Indiana is one of a handful of states that do not fund textbooks for public school districts. Instead, our state encourages districts to pass the costs along to families and to pursue debt collection if families are unwilling or unable to pay. Families who receive free or reduced lunch can qualify for textbook assistance, but money is tight for many families who do not meet the cutoff.
The costs are considerable, anywhere between $100 to $300 per student, depending on the district and the grade level. (Wealthier districts are likely to charge and provide more—another avenue for disparities in the academic experience to creep into our schools.) Evansville Vanderburgh School Corporation sued more than 500 families over three months this year for unpaid bills, including bills for textbooks. Think about it. Textbooks and other curricular materials are not exactly extras. They are central to teaching and learning. And yet our state pits schools' need for these essential tools against the finances of families who may struggle to pay. So much for a free public education. In 2014, then-state-superintendent Glenda Ritz asked legislators to fully fund public education and pay for textbooks by adding $70 million to the schools' budget. They didn't.
To put that $70 million in perspective: $70 million or thereabouts is currently paid by Indiana's public school families for what is supposedly a "free" public education, and yet, for the 2016-2017 school year, Indiana sent $146 million in public dollars to private, mainly religious schools through the voucher program. In other words, even though the state is not paying for a basic necessity, textbooks, in public schools, we fling money away to schools which are not owned by the public and have no accountability to the public--no public oversight through elected boards, no transparency in budgets, curriculum, or hiring practices.
To add insult to injury, private school parents and homeschoolers in Indiana can write off school supplies and textbooks when they file their taxes, but we don't get to write off those costs if we send our kids to public schools.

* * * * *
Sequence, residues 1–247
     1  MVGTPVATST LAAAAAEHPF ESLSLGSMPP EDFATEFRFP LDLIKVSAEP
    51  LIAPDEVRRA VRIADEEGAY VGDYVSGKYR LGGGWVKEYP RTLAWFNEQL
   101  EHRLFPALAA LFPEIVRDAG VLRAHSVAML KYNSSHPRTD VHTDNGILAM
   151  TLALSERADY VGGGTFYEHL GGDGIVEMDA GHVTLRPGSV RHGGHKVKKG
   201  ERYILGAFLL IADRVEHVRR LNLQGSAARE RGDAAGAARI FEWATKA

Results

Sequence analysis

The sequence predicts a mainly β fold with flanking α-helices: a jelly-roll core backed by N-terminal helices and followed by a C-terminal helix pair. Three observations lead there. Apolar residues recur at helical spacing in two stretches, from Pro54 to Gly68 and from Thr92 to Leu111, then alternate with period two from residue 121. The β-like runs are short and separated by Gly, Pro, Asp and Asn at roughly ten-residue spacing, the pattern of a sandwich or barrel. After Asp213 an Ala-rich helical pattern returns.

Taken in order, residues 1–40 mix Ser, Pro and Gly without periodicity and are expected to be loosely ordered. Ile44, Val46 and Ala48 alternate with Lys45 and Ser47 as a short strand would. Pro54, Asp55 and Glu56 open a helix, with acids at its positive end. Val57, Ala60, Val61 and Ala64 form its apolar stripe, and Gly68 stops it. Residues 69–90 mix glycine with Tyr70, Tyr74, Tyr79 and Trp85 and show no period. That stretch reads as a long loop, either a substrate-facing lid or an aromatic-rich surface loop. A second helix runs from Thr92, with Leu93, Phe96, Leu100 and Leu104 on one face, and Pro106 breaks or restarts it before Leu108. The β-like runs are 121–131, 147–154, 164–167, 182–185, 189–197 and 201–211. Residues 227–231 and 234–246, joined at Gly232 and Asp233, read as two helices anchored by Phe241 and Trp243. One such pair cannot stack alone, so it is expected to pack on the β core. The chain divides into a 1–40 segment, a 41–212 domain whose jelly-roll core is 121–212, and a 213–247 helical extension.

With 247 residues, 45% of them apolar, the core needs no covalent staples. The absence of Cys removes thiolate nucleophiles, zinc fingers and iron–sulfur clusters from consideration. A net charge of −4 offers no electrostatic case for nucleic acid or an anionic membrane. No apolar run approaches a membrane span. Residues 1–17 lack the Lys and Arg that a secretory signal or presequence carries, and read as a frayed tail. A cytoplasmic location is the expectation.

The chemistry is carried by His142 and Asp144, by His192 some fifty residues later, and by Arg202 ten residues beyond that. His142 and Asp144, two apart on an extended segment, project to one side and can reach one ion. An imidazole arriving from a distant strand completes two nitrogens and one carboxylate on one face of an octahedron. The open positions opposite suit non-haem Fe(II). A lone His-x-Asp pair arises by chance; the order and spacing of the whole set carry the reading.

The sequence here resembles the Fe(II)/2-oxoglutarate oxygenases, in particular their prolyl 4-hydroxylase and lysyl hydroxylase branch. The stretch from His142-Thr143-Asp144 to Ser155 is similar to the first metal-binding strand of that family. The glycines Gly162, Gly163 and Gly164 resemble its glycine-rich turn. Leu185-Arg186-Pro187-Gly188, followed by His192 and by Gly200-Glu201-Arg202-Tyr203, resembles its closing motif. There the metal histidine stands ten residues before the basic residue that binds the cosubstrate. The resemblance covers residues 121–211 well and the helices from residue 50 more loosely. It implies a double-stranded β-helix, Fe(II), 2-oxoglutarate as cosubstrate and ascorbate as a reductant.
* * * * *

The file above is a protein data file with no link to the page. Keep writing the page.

House Bill 1169 would address this problem. It would require public schools to provide curricular materials at no cost to students, and would establish a fund and appropriations for state reimbursement of public schools’ curricular costs.
Our challenge is to get state legislators to support House Bill 1169 and the idea of actually funding textbooks for all public school students. Lawmakers are only going to do this if they are contacted by people in their districts.
We have written a petition asking legislators to act this session to eliminate textbook fees. We hope you will sign it and share it with your friends.
Petition to the Indiana Legislature: Support HB 1169 to Eliminate Textbook Fees for Public School Students (click here to sign)
Other ways you can act:
1. Share your story in the comments here. How much did textbooks cost you this year? Were there things you didn't do or buy in order to be able to afford to pay for textbooks?
2. Call or write Representative Tim Brown, chair of the House Ways and Means Committee, and Representative Jeffrey Thompson, the chair of its K-12 subcommittee, to demand that HB 1169 receive a hearing. You can reach their offices through the House switchboard at 800-382-9841.
3. Write a letter to the editor of your local newspaper. Most newspapers have online submission forms. Please email us (email@example.com) if you need help finding your paper's online submission page.
4. Write a letter to your state senator and state representative. If you don't already know who your legislators are, click here to find them.
5. Write a letter to your superintendent and school board members asking them to take action to support HB 1169.
10/17/2018 08:55:37 pm
It's ridiculous we are being charged for "books". I have sent 5 of my children to public schools in three states: California, Nevada and now Indiana. I received a bill for book rental for almost $1200. The fees are outrageous!
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